The former village president of Clyman, in Dodge County, was sentenced Monday to two years in prison for using his former strip club, The Hardware Store, to promote prostitution.
Michael Siegel “did not personally assault or extort the dancers at his club, nor was he the one who first lured them into the commercial sex industry,” prosecutors wrote in a sentencing memo.
“But he chose to associate with those who did, and he welcomed them into his business because those associations were profitable for him,” thereby facilitating the trafficking of “untold numbers” of women who did sex acts for money at the club from 2010 to 2018.
The operation blew up in late 2018 when one of the pimps who worked with Hardware Store staff, Christopher Childs, 47, was charged with sex trafficking and related counts in federal court. He pleaded guilty to a single count in October 2019 and was sentenced last month to 27 years in prison.
Siegel, 53, of Fox Lake, was indicted in December 2019. He and a manager of the club pleaded guilty to federal charges this year.
His attorney suggested that probation was sufficient and disputed what his client knew about Childs and other pimps’ operations at The Hardware Store for more than decade.
Chief U.S. District Judge Pamela Pepper, citing statements from the prostitution victims and other staff at the strip club, and Siegel’s long career in the strip club industry, said “it beggars belief” that he didn’t realize Childs and other pimps used violence and other forms of coercion to keep women doing sex for money at The Hardware Store.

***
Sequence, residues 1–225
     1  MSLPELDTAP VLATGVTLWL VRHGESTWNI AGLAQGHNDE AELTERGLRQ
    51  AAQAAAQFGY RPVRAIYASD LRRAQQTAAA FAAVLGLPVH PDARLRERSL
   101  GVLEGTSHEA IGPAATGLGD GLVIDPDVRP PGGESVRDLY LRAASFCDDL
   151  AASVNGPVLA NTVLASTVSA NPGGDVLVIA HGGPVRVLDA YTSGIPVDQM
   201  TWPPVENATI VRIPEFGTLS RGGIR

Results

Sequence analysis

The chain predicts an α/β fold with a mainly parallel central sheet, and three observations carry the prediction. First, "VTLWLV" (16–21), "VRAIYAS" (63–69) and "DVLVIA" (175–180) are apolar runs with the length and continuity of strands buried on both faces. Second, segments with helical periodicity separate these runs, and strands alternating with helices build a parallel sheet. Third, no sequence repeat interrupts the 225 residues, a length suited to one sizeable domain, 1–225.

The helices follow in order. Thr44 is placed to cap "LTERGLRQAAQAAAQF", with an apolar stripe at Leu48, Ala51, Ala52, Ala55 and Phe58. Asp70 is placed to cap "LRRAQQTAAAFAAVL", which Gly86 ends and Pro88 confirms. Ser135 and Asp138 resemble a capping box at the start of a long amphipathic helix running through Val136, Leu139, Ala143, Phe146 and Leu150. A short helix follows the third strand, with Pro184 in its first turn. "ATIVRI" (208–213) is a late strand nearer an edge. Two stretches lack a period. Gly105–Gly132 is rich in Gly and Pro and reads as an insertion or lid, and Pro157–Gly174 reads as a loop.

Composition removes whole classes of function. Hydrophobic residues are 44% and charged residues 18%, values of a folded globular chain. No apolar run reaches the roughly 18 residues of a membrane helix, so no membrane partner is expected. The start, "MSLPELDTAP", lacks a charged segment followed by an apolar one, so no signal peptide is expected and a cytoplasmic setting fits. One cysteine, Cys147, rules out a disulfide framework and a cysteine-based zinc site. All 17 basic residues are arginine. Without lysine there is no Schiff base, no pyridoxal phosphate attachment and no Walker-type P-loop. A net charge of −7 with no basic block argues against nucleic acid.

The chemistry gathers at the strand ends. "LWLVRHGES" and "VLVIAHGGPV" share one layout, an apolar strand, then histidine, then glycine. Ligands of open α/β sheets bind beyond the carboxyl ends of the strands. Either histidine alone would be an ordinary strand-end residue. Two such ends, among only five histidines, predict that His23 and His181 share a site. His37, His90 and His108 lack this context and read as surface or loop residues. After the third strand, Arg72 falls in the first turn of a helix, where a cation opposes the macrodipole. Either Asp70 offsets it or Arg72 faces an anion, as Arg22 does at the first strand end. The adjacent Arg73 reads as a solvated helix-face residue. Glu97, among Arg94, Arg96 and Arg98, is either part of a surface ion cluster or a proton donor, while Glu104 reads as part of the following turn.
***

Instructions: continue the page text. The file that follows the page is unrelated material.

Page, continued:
Pepper said Siegel’s view of himself as a family man and upstanding community member “prevents him from taking a deeper, harder look at what he was enabling.”
Because of the COVID-19 infection rates in federal prisons, Pepper said, Siegel won’t have to surrender before Feb. 1. After his prison term, he must complete a year of supervised release.
According to court records, Siegel met Childs when Siegel managed a Milwaukee strip club, Rickey’s on State, and later invited him to bring his women to The Hardware Store. Prosecutors say Siegel preferred dancers who were controlled by pimps for several reasons: They were reliable, would perform sex acts in the club’s private “champagne rooms,” for which customers paid the club extra money and if there were ever workplace issues, their pimps handled it.
“In essence, he set aside the dancers’ safety and well being in the name of profit,” prosecutors wrote.
The government’s sentencing memo also notes that after Child’s arrest, Siegel made a public statement that Childs had unknowingly infiltrated the club, that neither he nor his staff ever assisted Childs and that if any dancers had come to Siegel about mistreatment, he would have helped them. He further denied any knowledge to federal investigators, even after he was notified he was the target of an investigation.
Siegel resigned as village president after Childs’ arrest and pleaded guilty in his own case in July to conspiracy to engage in interstate travel in aid of prostitution.
Now working as a groundskeeper at a Beaver Dam cemetery, Siegel, who like all parties appeared via Zoom for his sentencing, said he knew about prostitution at the club, but not about violence against the dancers.
“I’m a good dad, a Christian man,” he told the judge. “I made a mistake.”